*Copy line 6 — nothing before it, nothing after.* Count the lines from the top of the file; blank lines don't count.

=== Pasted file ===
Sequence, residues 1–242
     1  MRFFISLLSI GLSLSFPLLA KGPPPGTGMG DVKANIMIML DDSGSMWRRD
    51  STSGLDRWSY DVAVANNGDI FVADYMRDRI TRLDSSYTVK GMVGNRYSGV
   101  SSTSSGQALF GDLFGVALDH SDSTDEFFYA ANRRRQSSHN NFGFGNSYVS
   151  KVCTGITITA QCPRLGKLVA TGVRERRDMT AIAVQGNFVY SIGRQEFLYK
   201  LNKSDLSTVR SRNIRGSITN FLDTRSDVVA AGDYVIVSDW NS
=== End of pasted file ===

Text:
   201  LNKSDLSTVR SRNIRGSITN FLDTRSDVVA AGDYVIVSDW NS